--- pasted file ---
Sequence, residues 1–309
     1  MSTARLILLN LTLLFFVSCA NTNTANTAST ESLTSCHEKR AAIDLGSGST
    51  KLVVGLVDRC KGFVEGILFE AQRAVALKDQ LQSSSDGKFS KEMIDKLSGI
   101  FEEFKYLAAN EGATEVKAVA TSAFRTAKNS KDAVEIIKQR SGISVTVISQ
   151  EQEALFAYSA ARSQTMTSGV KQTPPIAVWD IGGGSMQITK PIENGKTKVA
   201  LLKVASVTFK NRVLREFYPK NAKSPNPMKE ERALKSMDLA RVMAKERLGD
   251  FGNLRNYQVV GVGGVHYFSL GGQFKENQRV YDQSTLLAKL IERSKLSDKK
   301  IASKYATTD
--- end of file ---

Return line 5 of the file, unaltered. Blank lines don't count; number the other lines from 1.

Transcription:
   151  EQEALFAYSA ARSQTMTSGV KQTPPIAVWD IGGGSMQITK PIENGKTKVA